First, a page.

Good Practice IT and Library Services

Panopto – impact on teaching style

Teaching spaces have different microphones depending on the type of room you are teaching in. There are fixed boundary microphones in classrooms that pick up your voice for recording. These work best when close to the podium, you will still be audible if you are teaching from the other side of the projection screen. There are teaching spaces with gooseneck microphones these rooms include wearable microphones. You will need to use the wearable microphone if you want to be recorded away from the podium.

If you like to wander around the front of the room in lecture theatres and want to be heard and recorded, radio microphones are available in the microphone safes. If you wish to access them you will need to use your Greenwich Gateway card. You must remember to return the radio microphones to the charging dock correctly with the charging light on, this will ensure the  radio microphones are ready for others. There are also gooseneck microphones on the podium if you teach from the front.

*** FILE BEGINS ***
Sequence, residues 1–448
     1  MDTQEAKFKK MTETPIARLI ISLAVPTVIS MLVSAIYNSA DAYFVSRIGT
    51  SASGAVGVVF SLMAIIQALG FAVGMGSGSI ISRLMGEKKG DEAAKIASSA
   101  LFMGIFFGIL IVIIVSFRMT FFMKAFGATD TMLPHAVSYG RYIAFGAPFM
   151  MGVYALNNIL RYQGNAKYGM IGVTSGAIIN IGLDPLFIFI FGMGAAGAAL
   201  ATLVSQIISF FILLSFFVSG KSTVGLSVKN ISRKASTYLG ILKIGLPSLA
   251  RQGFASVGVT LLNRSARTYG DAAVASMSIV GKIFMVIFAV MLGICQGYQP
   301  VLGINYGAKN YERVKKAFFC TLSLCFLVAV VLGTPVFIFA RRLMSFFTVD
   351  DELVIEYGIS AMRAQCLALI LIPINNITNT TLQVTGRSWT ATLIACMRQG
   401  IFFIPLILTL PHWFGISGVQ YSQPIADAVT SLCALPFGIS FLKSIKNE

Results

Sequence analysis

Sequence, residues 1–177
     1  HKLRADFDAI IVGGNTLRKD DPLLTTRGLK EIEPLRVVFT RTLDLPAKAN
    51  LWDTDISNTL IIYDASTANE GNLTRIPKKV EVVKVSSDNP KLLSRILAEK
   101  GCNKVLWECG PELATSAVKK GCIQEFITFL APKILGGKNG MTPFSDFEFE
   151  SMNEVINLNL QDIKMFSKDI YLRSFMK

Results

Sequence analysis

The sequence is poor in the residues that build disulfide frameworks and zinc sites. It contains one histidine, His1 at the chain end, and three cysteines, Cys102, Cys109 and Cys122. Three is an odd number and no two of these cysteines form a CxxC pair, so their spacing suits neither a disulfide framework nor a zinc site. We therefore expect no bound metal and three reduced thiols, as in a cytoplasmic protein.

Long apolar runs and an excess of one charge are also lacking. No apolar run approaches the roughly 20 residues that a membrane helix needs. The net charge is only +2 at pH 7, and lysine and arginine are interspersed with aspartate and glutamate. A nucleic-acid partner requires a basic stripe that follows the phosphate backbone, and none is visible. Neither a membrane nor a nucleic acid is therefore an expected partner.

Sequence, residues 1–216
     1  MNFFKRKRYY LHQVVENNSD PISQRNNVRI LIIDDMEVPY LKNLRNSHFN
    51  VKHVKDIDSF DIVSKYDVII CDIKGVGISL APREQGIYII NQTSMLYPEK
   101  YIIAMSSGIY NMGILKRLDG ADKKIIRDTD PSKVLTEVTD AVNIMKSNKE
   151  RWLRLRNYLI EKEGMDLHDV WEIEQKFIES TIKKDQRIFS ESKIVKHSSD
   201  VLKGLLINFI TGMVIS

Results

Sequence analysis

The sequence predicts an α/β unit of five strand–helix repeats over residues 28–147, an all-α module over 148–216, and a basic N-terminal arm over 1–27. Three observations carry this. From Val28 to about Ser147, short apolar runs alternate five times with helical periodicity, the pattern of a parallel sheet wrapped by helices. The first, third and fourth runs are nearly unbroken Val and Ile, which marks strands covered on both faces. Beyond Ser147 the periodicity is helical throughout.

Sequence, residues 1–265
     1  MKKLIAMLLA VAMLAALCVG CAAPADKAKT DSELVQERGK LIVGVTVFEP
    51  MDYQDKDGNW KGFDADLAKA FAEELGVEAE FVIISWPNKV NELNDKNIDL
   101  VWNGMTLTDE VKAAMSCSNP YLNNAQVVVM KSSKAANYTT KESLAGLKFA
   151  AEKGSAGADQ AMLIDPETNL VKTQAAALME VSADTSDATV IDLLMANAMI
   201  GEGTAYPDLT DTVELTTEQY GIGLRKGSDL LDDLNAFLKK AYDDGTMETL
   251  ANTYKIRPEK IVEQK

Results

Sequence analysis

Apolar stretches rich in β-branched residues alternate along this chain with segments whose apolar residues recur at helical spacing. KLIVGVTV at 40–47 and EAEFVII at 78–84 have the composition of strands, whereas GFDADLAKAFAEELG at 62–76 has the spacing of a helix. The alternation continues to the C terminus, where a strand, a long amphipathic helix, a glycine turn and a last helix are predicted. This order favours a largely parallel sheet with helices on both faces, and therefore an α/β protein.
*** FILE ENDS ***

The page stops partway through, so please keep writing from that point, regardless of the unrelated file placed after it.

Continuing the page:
If you tend to talk to the board while you write on it in class rooms the boundary microphone will pick you up if the board is close to the podium for recordings. In rooms with the gooseneck and wearable microphone, you should use the wearable microphone but talking towards the board isn't great teaching practice, so it would be better to stop talking while you write, then turn to face the audience while you explain the diagram or equation.

If you make use of a board to write equations, draw diagrams etc. then you should use the SmartBoard or Sympodiums, where available, which also allow you to write directly on the screen.

If a student asks a question you should always repeat it back to them – this is standard good practice even if the lecture is not being recorded. The first reason is to make sure that everyone in the room hears the question – and so that it can be clearly heard on the recording. This repetition can also be really helpful to students who speak English as their second language. The second reason is to make sure that you have understood their question – and also gain a few seconds to think of the best way to answer it.

At a more fundamental level, if you can create a recording in which you deliver 'the content', does that mean that you can use your face-to-face time with students in a more interactive way? For example, a recording watched in advance of the lecture could cover the basics of a topic, thus freeing up time for you to answer student questions, set them problems and explore specific details.